Does The Enoree River Remember Hans Einstein?
Albert Einstein’s son Hans worked as a hydrologist on a river near Greenville, SC. His research weir is still there in the river but reached only by canoe.
—for Dan Richter
Ask the scientist and the geopoet
in a small green fiberglass canoe
pulling over deadfall from
two miles upstream
to reach this altar to the past.
Ask woody debris, carbon storage,
wildlife bridges, a deer stampede,
perplexed suburbanites lounging
on stream side.
Ask arrival by self-propulsion
to that hidden forgotten spot
on the river.
Ask Hans Einstein’s lab
built in 1930s, a research weir
for measuring sediment
bed load in the river.
Ask Einstein’s aged instrument
formed of Depression concrete.
Ask the thick river comb,
the river plays for us.
Ask the formed shoots the current
drains through downstream
like a boulder garden.
Ask the scientist up to his knees drumming
on concrete with his paddle,
making wild river jazz.
Ask if an argument
can be made that sediment
is not something to understand.
Ask about eighty years measured
not in history but in floods and droughts.
Ask Einstein’s very artifact—
approached by water on a late fall Sunday.
Ask Einstein’s concrete
Ozymandias cast on gneiss,
slick with algae,
yet still not yielding.
Ask decades of floods.
Ask the jet taking off
and landing at the nearby airport.
Ask poison ivy and greenbriar.
Ask the sweetgum snapped
by high water somewhere
upstream and strung
like a bow in current.
Ask cedars on the far side,
the only green.
Ask, hence, the last of fall color.
Ask Gibbs Shoals downstream stretching
all the way to the Vietnamese Catholic church.
Ask the scientist’s tippy canoe
still upright like a fallen leaf.
Ask the schema we’ve brought along, a ghost
of the service to science
Ask his fluvial data stored off-site
in the National Archives.
Ask the territory.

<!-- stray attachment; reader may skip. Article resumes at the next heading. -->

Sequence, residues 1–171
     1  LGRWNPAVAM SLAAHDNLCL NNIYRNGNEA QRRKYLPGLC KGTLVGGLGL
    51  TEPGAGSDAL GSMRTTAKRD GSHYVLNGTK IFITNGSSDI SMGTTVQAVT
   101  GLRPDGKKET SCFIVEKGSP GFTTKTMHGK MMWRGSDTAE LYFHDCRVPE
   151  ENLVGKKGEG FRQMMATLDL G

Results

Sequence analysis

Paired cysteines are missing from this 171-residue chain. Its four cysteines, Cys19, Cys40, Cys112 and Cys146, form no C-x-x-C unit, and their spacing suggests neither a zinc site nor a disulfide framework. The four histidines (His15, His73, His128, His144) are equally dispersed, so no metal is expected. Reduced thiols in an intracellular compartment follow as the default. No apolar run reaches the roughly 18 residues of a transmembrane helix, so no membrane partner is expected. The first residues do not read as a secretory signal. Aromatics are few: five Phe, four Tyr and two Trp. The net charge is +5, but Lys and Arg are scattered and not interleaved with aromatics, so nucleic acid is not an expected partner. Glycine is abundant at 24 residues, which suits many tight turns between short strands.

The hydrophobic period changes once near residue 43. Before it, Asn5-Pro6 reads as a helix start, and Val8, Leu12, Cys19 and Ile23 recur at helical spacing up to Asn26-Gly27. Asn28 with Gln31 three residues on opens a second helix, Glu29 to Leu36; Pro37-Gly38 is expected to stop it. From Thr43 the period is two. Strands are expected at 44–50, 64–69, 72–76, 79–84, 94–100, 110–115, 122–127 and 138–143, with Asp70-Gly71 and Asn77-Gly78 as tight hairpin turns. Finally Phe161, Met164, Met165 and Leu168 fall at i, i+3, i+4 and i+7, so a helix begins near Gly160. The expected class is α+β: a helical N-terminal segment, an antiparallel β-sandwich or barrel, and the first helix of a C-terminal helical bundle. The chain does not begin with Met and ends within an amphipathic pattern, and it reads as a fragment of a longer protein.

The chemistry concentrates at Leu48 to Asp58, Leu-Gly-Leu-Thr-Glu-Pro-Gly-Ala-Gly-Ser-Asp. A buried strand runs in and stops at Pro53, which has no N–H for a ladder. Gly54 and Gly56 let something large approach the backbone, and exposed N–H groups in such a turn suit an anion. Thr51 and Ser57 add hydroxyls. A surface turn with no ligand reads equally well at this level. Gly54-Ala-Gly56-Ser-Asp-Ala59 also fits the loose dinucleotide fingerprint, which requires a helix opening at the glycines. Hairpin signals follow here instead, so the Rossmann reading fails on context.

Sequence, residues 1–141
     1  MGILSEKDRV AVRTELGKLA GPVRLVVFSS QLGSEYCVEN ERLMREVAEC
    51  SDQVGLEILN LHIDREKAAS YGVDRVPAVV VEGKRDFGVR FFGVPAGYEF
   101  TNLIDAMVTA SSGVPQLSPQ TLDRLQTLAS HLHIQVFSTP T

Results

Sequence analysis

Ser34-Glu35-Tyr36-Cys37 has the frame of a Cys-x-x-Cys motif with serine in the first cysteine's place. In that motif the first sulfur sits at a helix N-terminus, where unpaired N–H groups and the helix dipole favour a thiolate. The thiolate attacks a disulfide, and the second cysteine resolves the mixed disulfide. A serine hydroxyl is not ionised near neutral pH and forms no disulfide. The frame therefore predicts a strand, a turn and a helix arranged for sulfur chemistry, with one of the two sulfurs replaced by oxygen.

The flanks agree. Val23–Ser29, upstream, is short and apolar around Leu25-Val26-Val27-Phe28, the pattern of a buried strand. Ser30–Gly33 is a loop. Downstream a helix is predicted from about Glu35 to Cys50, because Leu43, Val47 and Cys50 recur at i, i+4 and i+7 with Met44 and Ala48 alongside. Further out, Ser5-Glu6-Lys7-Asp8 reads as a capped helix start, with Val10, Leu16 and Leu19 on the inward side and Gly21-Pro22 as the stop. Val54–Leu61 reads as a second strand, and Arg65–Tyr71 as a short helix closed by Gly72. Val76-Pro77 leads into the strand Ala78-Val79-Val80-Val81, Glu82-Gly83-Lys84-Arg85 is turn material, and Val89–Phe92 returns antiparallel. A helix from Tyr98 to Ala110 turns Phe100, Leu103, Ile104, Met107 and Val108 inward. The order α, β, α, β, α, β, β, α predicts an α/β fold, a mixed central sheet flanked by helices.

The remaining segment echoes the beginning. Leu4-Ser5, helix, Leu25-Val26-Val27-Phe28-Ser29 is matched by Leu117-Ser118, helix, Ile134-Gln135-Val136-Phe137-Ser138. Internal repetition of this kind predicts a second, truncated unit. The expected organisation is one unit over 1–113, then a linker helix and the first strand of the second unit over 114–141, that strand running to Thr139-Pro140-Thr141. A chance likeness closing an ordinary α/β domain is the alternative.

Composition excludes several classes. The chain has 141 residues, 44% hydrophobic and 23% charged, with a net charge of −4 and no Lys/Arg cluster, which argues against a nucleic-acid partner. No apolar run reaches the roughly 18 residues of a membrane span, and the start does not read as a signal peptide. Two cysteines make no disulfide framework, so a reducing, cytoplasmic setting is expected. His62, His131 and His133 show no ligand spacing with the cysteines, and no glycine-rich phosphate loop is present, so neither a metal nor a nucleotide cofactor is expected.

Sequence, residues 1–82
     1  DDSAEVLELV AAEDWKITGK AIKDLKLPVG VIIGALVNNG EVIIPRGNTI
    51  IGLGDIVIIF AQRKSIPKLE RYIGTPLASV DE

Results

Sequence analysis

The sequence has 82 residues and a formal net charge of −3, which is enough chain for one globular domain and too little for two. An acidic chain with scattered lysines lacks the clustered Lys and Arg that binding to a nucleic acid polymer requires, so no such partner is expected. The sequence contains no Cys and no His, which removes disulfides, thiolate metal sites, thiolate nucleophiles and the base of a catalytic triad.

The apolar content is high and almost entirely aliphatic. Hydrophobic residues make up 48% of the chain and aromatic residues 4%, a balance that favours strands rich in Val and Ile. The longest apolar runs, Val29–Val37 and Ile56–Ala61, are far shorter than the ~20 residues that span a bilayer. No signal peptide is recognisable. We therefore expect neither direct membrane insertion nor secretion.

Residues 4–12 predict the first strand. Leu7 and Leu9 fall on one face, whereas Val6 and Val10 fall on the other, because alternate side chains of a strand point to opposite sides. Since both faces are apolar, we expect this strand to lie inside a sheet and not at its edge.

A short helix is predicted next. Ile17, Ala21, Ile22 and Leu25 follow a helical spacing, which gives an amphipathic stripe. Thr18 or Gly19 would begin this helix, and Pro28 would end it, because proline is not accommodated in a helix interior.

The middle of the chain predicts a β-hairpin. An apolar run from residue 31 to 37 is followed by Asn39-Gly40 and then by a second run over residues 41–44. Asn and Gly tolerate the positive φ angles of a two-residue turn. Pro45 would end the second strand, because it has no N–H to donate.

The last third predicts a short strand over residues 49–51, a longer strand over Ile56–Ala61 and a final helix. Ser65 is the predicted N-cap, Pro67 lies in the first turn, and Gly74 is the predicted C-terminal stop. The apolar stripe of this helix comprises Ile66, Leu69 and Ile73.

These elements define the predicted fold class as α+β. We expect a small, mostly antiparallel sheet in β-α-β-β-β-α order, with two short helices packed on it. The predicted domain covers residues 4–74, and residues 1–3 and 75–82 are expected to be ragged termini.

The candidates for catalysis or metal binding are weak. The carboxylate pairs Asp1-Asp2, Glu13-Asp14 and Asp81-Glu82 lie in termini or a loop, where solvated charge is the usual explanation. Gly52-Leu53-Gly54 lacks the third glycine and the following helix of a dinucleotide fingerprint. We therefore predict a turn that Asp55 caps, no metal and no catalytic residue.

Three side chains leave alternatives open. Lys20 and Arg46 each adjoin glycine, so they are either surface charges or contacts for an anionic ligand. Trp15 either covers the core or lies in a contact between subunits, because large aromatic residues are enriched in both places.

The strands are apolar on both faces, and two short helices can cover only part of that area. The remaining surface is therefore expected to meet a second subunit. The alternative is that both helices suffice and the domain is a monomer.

Ask the mystery, these slab
fingers laid parallel
with slots for some contraption.
To control the flow?
Ask a flight of doves above.
The storm is a retreating army, foraging
our hidden provisions. The worry-oak
roots are sodden oatmeal, not nourishing
ropes to climb to heaven, not the sinews
the worry-oak rides to eternity.
The roots snap in least wind
but we can’t hear them.
Instead we watch the hula dance
above our rafters, thinking that is
the big show. We gauge the gale
of grievances weather pitches at
us, mortal and secure in this
thimble of human certainty we call
a home. That stabbing music?
Acorns tap dancing on the roof,
bound for a sodden yard where
squirrels would mire in our acres
if they would abandon their
huts of sticks high in the air.
They’ve made our mistake,
thinking they can sleep it out,
nestled among a compost of
insulting leaves, heir to what
remains every fall of a proud
forest, a rainbow so striking
that inside thumbtacks hold
the scene to our wall in places
where trees are now two by fours,
ghosts of the beasts that threaten
our surety. Dawn is hours away.
Rain pulls me from sheets made
a nest by wear, but rising is not
enough to quell the fear the worry
oak outside our window will
split our house in two, a sandwich
on the yard’s cutting board. First light.
I stare up into the dilemma of limbs.
John Lane is Emeritus Professor of Environmental Studies at Wofford College and was founding director of the college’s Goodall Environmental Studies Center. He is the author of over a dozen books of poetry and prose. In 2014 he was inducted into the SC Academy of Authors. He, with his wife Betsy Teter, is one of the co-founders of Spartanburg’s Hub City Writers Project.
Bryan Buckley is a photographer and metal fabricator in Massachusetts.